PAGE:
After the conclusion of the group matches in the 2014-15 Champions League competition, it is apparent that the Western European football teams are dominating once again to the detriment of their Eastern counterparts. Four qualifying teams from Germany plus three apiece from Spain and England underline the strength of the Premier League, Bundesliga and La Liga while France, Italy, Portugal and Switzerland are also represented. However, the sole team from the Eastern bloc to emerge from the group stages is Shakhtar Donetsk and that is despite a war enraging in that region.
Such has been the scale of the conflict between government troops and opposition forces in troubled Eastern Ukraine during the past months that the Shakhtar Donetsk players have been forced to leave the city to play football. Some of the most intense fighting has occurred in and around the city and now the team play home matches at Lviv where there is more widespread pro-western support as opposed to opinion in the East.
There is also the additional factor that the first team squad contains almost equal representation of Ukrainian and Brazilian players with the South Americans preferred in the attacking roles. The first Brazilian to be lured to Donetsk was Brandao who moved onto play for Marseille and St Etienne but not before Mircea Lucescu was appointed head coach at Donetsk in 2004. He further developed Brandao’s undoubted skills and helped by his ability to learn Portuguese, additional recruits from Brazil were defined as preferred club policy, some of whom were unknown on the international stage.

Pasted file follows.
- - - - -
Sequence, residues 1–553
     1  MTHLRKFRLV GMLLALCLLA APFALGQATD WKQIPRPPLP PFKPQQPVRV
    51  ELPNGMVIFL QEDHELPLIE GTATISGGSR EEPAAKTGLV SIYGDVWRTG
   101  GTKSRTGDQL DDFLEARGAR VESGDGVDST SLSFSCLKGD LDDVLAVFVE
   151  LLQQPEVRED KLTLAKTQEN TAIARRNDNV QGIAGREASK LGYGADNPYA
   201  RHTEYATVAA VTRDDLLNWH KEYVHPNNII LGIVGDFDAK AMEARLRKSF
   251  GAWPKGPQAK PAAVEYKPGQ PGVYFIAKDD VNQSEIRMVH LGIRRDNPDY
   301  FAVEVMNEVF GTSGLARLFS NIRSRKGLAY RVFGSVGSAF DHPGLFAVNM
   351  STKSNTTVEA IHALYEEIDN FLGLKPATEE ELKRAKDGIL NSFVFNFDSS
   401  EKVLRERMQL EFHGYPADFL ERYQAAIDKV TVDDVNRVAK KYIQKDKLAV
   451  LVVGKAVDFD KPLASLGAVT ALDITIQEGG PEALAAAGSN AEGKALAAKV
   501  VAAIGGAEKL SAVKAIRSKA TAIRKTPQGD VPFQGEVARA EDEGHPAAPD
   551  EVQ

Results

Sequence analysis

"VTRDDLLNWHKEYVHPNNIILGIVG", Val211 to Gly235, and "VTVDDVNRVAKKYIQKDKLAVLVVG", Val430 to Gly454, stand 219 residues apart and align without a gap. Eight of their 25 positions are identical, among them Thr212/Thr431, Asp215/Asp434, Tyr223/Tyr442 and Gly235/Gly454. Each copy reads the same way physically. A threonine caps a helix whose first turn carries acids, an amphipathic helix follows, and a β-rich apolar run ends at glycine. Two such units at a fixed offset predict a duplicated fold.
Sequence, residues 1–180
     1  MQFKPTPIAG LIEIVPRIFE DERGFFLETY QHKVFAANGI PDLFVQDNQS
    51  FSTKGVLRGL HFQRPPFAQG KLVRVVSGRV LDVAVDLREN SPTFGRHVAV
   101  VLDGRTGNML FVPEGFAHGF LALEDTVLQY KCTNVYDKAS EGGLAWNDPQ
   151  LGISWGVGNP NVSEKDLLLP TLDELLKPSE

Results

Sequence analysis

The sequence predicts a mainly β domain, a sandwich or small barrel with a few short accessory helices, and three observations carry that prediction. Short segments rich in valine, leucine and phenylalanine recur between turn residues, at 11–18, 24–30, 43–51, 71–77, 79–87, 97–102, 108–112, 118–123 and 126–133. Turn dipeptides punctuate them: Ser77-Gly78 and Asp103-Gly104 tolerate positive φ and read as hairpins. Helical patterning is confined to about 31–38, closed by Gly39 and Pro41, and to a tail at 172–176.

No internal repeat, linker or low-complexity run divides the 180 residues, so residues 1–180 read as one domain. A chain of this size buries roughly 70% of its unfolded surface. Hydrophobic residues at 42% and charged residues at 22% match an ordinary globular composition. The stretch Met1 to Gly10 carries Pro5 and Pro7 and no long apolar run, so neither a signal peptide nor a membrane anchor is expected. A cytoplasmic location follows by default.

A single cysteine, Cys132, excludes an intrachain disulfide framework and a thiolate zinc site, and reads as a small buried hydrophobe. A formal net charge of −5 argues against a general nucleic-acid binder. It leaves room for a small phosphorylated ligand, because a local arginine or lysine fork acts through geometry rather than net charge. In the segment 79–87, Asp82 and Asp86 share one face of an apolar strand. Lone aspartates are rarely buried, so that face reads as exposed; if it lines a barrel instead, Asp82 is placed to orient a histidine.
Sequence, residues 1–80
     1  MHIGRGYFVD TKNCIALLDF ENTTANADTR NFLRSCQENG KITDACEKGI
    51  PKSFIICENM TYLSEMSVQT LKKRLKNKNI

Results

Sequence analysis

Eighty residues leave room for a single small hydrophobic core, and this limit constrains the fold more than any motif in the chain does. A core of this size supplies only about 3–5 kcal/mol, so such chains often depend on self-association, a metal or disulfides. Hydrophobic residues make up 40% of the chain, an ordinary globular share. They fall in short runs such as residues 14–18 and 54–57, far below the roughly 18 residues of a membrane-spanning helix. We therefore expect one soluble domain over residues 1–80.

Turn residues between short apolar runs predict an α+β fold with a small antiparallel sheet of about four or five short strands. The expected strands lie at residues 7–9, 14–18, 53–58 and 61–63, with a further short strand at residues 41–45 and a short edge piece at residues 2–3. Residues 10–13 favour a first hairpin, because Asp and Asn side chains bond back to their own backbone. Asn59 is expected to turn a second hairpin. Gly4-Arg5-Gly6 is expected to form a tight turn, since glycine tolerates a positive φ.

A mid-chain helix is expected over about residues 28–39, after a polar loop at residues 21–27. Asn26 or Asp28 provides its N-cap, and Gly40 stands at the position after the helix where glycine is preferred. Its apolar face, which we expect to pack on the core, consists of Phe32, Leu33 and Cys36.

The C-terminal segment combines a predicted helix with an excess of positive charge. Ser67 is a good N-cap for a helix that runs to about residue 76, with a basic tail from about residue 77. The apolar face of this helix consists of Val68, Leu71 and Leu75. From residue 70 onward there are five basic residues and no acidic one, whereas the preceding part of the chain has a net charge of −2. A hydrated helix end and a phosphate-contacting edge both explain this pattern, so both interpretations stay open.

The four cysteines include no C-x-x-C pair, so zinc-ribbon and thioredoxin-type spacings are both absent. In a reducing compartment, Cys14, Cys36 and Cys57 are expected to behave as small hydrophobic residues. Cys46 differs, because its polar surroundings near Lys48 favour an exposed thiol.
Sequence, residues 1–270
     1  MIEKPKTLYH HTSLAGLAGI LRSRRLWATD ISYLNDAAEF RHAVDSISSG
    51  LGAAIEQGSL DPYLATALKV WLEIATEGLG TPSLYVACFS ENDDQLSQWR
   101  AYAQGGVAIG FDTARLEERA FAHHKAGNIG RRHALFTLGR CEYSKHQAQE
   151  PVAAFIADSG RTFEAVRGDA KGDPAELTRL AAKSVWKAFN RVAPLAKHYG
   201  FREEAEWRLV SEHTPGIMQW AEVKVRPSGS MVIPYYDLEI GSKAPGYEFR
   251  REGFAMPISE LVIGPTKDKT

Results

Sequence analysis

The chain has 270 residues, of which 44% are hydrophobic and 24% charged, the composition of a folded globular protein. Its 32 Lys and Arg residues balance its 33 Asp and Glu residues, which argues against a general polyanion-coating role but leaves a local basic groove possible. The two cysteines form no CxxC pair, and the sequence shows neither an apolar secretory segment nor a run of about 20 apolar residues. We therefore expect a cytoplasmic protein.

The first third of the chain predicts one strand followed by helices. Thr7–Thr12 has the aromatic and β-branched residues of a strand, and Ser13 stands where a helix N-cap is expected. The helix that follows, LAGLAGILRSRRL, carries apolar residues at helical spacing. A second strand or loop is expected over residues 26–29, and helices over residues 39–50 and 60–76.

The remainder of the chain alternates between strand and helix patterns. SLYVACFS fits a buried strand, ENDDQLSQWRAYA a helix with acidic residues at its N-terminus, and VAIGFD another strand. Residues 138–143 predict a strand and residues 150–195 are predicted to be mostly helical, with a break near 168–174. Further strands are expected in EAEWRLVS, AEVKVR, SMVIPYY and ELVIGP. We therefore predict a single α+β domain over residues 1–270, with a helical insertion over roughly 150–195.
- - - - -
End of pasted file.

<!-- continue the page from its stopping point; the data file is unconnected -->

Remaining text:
Lucescu’s aim was to recruit young players from Brazil and harness their potential into becoming Champions League performers and it would appear that his methods are working. His reputation soared in that country when one his first signings in 2005, Francelino Matuzalem, became the leader of the team and so began a further influx of players from that country.
Although Dinamo Kiev are still the team to beat in the domestic league, it is the of presence of Shakhtar Donetsk in the Champions League knockout phase which is testament to the workings of Lusescu who has now served the club for 10 years as head coach whereas in the equal number of years prior to his appointment, there had been 11 occupants of the role.
During the current Champions League campaign, Lucescu guided his team to second place in Group H behind Porto with Luiz Adriano netting 9 of the 15 goals scored by his team with his fellow countryman Fred failing to score a solitary goal. Shakhtar arguably occupied one of the weaker groups but at least they have improved upon last season’s third place in Group A behind Manchester United and Bayer Leverkusen.
How much further they progress will be determined when the competition resumes early next year but none of the remaining teams will wish to face the Brazilian attack from Ukraine.